Last weekend I was finally able to play a few games of One Night Ultimate Werewolf. My older daughter and I got it as a joint Christmas gift last year, but we only played it once or twice as a family, and no one else wanted to play it some more. I'm not sure why neither of my daughters were very interested; it seems like the kind of thing they would enjoy, and perhaps they would if we all tried it again with friends.
On Friday I was able to play it at a gathering of old friends, and I really enjoyed it. None of them had played it, but most of them had played regular Werewolf. Because there is only one phase each of day and night in One Night Ultimate Werewolf, it took some mental adjustment. It was hard to realize what to look for and not just how to figure things out, but what it was we should even be trying to figure out. After the first couple of games it seemed like it got easier.
The first game was made even more screwy by the fact that both werewolf cards were still in the center; all seven players were villagers. That's not exactly the smoothest introduction to the game. In other games, we had little kids (spectating) blowing their parents' cover, other kids playing (and doing quite well, I thought, despite being unfamiliar with what an Insomniac is and having to read the rule book to figure out what they were), and all players in general trying to figure out how their roles affected their knowledge of what's going on with other players. It was chaotic, but I thought it was a lot of fun, and it seemed like everyone enjoyed it to varying degrees.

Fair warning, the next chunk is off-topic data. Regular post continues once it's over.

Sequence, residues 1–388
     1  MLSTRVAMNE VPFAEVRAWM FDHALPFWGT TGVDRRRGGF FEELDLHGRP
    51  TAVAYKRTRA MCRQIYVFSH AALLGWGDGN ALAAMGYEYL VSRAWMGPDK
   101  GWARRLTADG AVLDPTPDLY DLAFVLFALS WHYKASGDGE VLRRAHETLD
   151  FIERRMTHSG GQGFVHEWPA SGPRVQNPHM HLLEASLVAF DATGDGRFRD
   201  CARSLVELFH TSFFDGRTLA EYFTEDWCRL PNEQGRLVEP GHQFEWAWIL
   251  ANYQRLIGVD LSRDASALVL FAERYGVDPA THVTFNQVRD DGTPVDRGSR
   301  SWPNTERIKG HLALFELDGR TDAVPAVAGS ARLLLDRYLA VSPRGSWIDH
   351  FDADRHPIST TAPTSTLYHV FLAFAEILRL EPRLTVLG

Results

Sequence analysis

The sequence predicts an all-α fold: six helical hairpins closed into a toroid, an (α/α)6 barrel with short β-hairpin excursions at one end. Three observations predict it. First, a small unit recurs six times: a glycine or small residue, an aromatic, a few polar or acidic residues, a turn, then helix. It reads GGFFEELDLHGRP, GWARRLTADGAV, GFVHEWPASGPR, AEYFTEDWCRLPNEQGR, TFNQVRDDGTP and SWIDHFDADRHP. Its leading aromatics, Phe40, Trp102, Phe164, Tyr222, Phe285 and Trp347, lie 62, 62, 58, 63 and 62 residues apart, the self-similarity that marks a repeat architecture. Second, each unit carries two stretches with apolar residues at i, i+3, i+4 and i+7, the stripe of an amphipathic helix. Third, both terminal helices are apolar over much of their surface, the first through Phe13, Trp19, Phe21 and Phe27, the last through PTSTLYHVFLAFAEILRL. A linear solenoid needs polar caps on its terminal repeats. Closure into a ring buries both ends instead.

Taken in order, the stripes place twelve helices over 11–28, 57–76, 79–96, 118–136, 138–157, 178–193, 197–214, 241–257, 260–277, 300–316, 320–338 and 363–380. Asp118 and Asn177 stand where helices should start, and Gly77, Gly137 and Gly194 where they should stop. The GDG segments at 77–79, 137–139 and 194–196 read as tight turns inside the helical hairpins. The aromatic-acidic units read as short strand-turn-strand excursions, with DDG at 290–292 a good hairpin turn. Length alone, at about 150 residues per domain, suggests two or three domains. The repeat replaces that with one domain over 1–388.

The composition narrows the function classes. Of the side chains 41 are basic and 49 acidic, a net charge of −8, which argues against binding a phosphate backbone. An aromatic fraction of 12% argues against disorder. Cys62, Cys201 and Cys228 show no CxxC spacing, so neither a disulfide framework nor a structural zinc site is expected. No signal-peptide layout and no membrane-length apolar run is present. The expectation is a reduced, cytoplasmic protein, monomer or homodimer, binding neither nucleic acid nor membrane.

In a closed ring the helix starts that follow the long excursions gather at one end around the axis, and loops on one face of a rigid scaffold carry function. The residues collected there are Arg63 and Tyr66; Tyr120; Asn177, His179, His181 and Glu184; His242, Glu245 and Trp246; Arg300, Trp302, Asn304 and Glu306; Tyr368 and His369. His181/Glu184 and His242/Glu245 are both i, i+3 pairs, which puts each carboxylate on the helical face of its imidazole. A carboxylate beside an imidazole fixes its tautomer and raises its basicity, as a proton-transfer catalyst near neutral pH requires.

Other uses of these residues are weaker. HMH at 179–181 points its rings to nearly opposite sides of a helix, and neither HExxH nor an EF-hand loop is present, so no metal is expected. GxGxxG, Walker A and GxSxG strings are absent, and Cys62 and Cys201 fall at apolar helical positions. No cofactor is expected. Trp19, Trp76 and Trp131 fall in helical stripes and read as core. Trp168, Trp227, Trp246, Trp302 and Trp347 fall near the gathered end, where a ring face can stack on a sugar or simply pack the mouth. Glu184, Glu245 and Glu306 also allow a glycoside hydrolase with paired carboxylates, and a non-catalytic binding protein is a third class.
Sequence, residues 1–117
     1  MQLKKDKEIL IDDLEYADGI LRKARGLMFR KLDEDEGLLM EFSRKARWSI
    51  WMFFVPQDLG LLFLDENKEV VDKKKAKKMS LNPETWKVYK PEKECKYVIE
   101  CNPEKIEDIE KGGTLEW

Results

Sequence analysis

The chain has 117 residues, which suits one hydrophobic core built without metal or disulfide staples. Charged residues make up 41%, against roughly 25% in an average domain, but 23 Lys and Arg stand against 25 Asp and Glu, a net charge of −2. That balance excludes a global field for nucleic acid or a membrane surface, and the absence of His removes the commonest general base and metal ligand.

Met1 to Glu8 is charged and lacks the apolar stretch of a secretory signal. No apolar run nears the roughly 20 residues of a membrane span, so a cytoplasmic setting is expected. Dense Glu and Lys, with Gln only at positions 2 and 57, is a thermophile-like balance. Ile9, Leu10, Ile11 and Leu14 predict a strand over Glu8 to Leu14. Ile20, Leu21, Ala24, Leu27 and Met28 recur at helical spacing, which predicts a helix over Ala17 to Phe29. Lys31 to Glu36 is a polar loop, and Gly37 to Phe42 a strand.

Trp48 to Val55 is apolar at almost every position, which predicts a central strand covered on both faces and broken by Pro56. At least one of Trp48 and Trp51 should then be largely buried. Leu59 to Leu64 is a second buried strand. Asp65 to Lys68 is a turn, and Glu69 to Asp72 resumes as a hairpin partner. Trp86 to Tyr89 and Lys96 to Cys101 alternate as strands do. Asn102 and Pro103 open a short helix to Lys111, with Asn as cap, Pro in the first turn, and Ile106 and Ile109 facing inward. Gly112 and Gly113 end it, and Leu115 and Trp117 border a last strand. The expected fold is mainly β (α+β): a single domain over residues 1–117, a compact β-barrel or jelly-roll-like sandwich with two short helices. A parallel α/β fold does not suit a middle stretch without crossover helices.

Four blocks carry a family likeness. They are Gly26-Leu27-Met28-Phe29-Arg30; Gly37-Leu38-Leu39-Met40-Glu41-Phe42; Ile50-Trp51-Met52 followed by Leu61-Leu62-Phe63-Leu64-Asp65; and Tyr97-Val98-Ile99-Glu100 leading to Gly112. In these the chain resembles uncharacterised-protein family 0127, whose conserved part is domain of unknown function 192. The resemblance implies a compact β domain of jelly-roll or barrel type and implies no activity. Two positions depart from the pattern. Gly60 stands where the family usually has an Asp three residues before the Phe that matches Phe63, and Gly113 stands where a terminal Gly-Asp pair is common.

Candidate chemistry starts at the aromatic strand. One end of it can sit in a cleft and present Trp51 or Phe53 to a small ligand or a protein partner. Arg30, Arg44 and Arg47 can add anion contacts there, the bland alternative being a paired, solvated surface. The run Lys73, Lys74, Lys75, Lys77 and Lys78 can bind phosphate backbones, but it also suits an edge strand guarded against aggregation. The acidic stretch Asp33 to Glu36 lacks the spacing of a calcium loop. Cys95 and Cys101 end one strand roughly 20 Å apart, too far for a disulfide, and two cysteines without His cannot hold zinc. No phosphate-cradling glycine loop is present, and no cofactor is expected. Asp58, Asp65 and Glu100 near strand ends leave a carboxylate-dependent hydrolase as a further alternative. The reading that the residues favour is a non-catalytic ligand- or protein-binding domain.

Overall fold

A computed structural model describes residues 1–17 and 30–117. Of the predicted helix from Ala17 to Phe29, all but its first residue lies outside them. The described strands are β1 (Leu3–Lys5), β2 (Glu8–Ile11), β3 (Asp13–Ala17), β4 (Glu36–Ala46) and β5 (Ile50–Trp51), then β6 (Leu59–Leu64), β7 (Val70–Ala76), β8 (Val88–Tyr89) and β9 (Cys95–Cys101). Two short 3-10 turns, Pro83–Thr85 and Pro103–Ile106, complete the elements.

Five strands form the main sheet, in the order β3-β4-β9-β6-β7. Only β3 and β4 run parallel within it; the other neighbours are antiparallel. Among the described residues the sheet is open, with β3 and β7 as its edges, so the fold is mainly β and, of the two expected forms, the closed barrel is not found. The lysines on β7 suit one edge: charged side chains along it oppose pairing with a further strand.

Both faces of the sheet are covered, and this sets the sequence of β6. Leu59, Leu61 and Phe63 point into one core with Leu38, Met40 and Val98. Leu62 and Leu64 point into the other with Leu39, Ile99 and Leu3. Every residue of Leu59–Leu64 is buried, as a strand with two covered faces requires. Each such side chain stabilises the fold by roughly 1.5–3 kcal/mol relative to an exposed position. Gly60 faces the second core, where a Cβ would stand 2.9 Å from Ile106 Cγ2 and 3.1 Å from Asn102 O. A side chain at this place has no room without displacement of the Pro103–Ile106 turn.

I also played a game of Dragonwood with friends' children, and not only was it a fun and pretty simple card game, but it was a lot of fun interacting with the kids. I don't see my friends often enough, and I see their sons and daughters even less, and when I see them there's not a lot of one-on-one interaction. These are all friends I have known since college. Now that I'm thinking about it, the opportunity to spend a little time getting to know their children seems golden.
I am about to head out for some plein air painting today, and I am thinking about how that feels. I feel excited and nervous (just a little bit of each, but it's there.) I never ever really feel like I completely know what I am doing, which I guess is something most artists feel, regardless the medium. I feel like I spread myself too thin and that I lack focus. I feel like I never accomplish a plein air painting that is as good as a huge percentage of other artists I pay attention to on Instagram or find via Google, but that is probably a common feeling, and it's definitely a trap that people fall into -- that feeling of inferiority. But also, those other artists I see are very inspiring. I think, "I want to paint like that! I am learning just by looking at them. Really good paintings are within my grasp." So many of my paintings are failures. But not all of them, certainly, and I learn with each one. You just have to keep going back to what inspires you, and then keep acting on that inspiration.
There was a tree frog on the side of our house when we got home from a soccer game last night. I have been hearing them in our neighborhood for years, but this is the first one I have actually seen. It made me very happy.
I tried to catch him to get a better look, but he was pretty fast, and slippery. He disappeared into the Japanese yews by our front door.